“From an employer's perspective, obviously, you need to be careful, and this is why it's always best to either provide sufficient notice for a change or to get the employee to agree and give them some consideration for the change… without simply imposing the change and risking a constructive dismissal.”
The McGuinty case also serves as an important reminder of the perils of entering into fixed-term contracts because of the quantum of damages, says Boshyk. While there are occasions where it's appropriate, such as commercial transactions or to retain top-tier talent in a competitive market, in the normal course, these contracts should be used sparingly, with an airtight early termination clause, he says.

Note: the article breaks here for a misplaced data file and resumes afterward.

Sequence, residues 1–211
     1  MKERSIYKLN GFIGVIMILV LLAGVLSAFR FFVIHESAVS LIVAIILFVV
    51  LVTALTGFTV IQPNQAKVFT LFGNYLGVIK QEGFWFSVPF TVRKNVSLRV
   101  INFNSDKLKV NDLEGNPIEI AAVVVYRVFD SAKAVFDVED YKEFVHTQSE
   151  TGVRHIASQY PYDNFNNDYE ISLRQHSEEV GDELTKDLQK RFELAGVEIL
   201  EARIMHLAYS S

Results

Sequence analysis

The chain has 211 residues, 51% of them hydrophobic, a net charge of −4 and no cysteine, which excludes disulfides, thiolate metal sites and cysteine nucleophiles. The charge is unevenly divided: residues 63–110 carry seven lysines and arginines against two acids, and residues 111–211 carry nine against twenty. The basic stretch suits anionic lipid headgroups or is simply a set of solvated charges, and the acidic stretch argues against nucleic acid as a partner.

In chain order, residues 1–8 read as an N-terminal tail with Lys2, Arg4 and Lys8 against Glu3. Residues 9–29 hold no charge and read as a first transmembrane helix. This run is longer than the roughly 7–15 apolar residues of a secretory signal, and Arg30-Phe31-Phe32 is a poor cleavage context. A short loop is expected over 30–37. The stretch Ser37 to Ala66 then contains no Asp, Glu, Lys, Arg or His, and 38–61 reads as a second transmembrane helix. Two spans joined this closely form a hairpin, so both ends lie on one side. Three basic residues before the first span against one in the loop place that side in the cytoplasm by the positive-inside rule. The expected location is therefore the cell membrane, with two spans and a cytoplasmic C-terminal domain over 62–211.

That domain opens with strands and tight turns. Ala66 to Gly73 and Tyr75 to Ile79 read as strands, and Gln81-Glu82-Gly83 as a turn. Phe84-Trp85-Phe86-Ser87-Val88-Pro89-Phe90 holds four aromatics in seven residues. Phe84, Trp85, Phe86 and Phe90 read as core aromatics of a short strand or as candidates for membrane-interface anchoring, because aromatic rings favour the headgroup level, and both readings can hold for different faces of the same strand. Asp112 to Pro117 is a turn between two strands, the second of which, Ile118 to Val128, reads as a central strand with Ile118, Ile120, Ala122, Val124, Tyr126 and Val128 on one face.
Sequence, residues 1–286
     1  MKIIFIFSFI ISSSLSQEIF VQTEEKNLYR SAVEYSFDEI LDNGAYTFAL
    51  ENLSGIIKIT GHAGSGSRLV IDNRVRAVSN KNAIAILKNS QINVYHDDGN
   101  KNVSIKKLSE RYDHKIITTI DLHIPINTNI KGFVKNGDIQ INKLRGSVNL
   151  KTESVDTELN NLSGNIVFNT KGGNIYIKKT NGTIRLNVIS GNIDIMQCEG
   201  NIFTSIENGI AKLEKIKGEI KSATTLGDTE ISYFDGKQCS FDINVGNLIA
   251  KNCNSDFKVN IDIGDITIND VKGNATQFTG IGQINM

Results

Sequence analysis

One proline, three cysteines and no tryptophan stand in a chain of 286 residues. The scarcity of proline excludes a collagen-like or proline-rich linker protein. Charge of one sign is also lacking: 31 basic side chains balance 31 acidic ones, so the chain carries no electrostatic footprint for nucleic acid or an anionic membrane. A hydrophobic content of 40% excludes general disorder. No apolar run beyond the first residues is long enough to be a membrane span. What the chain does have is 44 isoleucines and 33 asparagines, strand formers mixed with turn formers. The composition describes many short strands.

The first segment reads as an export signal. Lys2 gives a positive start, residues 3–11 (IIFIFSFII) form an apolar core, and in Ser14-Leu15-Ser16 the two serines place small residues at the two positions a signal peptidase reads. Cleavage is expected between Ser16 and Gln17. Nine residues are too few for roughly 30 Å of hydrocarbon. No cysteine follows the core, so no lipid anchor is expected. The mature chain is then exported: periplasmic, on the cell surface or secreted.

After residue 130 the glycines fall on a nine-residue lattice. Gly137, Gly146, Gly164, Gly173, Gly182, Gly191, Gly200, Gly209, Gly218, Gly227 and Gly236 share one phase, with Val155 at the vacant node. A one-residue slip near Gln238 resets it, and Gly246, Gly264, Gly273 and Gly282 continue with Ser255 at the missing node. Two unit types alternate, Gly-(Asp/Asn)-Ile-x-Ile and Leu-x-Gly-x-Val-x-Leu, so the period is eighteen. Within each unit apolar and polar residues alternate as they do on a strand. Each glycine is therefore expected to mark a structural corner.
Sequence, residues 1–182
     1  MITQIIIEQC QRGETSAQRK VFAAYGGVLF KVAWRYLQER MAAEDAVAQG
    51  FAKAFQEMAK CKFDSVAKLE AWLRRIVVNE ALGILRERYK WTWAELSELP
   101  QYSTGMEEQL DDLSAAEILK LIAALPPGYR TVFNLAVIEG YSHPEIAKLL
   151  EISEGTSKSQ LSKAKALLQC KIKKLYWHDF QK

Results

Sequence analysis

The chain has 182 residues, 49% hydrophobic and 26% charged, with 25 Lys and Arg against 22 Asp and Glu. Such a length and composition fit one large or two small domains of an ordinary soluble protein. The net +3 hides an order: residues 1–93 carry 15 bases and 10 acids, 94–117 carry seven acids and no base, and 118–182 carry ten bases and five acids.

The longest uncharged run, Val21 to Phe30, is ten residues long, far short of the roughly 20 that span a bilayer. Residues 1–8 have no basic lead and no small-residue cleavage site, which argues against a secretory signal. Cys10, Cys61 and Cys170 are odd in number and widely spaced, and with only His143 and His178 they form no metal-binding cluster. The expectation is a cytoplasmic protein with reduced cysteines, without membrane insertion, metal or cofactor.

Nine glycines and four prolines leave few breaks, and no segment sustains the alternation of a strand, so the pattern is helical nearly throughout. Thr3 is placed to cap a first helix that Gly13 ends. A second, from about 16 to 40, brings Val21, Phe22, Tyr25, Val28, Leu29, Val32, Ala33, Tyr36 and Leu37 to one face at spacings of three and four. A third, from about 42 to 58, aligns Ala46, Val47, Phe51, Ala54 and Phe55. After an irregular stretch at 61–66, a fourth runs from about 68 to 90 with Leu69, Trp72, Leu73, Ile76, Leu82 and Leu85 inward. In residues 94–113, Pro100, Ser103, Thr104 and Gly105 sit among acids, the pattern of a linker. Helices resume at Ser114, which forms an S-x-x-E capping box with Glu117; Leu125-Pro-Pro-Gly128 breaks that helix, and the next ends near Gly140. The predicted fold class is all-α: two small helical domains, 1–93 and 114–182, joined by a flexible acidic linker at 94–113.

“Our advice is almost always to instead use an indefinite-term contract with clear parameters around what termination entails. Otherwise, employers are taking a big risk, not just because of the way that damages in fixed-term contract cases are assessed but also because of the scrutiny that courts give to termination provisions,” says Boshyk.
“Even if you draw up the fixed-term contract with what you think is an airtight termination clause, there's still always a risk that a court may take a different view, in which case the employer has just opened itself up to significant damages for the rest of the term.”
It’s hard to understand why employers enter into term contracts given the risks, says Sider.
“Most employers, they say, ‘Well, this is a way for us to make sure that when the employment comes to an end, we can walk away and we don't have to pay anymore…’ But the problem is that employers don't think enough about what's going to happen if things go wrong,” he says.
“If you get rid of them and you're wrong about cause, you potentially are facing a massive hit in terms of damages.”